First, Ramsay told us that there is a difference between a “subject” and a “citizen of the United States” and by the way he describes that difference we surely cannot simply say that for the Founders and Framers a “natural born Citizen” had the same meaning as a “natural born subject.” He said:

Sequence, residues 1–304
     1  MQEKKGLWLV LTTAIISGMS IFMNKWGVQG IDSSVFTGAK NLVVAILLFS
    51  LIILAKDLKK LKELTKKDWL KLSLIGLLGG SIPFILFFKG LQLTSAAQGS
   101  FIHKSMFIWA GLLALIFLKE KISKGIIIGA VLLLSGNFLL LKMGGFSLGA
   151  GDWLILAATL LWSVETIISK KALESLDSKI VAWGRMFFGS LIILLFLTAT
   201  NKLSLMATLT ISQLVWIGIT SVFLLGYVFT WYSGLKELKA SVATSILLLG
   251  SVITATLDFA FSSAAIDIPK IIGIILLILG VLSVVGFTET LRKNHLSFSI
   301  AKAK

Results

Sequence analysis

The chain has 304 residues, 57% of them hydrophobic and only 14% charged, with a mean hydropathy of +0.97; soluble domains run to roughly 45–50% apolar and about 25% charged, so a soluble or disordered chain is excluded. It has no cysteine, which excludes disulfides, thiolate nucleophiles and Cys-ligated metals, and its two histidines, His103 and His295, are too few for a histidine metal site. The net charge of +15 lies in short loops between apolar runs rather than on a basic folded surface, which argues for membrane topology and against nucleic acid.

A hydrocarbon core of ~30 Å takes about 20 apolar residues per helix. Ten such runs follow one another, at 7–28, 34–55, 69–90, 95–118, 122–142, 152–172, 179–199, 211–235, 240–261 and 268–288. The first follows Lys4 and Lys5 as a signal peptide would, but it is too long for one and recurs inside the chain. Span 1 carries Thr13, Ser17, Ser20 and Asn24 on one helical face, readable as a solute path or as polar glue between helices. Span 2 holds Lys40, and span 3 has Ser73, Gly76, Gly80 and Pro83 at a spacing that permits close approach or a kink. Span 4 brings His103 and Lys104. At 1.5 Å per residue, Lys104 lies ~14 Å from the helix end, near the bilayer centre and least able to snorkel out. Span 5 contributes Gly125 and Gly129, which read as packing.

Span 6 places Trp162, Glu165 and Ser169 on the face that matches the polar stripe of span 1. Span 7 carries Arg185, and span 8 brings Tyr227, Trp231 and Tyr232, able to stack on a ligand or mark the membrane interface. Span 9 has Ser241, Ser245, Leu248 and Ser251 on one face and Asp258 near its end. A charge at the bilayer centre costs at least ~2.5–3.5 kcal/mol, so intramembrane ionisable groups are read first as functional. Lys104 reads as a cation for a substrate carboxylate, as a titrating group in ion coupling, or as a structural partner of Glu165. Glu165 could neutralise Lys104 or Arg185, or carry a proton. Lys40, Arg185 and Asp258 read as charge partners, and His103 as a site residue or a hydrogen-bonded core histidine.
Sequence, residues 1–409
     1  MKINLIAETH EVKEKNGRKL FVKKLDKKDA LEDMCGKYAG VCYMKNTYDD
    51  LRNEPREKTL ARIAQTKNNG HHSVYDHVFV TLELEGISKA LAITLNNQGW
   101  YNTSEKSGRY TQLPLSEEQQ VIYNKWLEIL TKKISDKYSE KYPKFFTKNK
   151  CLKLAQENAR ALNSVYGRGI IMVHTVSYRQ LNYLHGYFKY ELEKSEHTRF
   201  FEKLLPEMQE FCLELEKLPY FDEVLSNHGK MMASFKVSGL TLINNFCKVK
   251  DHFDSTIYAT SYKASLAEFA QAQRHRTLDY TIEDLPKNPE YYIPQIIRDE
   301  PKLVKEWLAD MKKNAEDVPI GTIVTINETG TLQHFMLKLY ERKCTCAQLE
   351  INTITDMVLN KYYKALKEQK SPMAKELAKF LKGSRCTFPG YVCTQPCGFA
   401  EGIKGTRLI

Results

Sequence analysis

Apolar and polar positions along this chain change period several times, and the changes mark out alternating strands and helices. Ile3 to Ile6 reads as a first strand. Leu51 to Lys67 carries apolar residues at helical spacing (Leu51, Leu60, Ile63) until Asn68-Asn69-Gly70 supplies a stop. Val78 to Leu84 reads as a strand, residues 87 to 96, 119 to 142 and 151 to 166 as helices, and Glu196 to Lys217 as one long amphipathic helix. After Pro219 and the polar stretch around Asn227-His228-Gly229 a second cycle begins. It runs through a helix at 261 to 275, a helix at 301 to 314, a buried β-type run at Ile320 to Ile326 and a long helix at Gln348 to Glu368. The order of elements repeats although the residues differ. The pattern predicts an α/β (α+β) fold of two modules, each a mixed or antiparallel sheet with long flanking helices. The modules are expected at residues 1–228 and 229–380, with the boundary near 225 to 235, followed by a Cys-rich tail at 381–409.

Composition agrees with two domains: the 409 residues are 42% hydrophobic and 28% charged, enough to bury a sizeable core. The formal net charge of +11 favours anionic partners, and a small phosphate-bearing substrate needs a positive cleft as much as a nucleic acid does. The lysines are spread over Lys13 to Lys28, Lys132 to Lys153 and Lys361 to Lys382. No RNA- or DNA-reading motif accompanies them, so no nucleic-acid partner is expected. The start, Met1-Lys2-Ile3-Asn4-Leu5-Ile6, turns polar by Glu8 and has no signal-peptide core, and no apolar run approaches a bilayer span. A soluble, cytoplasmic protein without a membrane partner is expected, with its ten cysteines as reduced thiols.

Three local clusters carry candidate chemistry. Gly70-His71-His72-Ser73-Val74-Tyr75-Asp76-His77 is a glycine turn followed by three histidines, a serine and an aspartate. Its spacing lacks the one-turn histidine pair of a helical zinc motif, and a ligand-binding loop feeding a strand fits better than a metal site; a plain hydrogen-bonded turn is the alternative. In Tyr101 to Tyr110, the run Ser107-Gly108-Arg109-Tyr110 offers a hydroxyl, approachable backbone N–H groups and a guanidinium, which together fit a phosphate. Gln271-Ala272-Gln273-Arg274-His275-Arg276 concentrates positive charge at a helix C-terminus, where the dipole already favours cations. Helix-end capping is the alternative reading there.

"A citizen of the United States, means a member of this new nation. The principle of government being radically changed by revolution, the political character of the people also changed from subjects to citizens. The difference is immense. Subject is derived from the latin words, sub and jacio, and means one who is under the power of another; but a citizen is an unit of a mass of free people, who, collectively, possesses sovereignty. Subjects look up to a master, but citizens are so far equal, that none have hereditary rights superior to others. Each citizen of a free state contains, within himself, by nature and the constitution, as much of the common sovereignty as another. In the eye of reason and philosophy, the political condition of citizens is more exalted than that of noblemen. Dukes and earls are the creatures of kings, and may be made by them at pleasure: but citizens possess in their own right original sovereignty." Id. at 3 (emphasis in the original).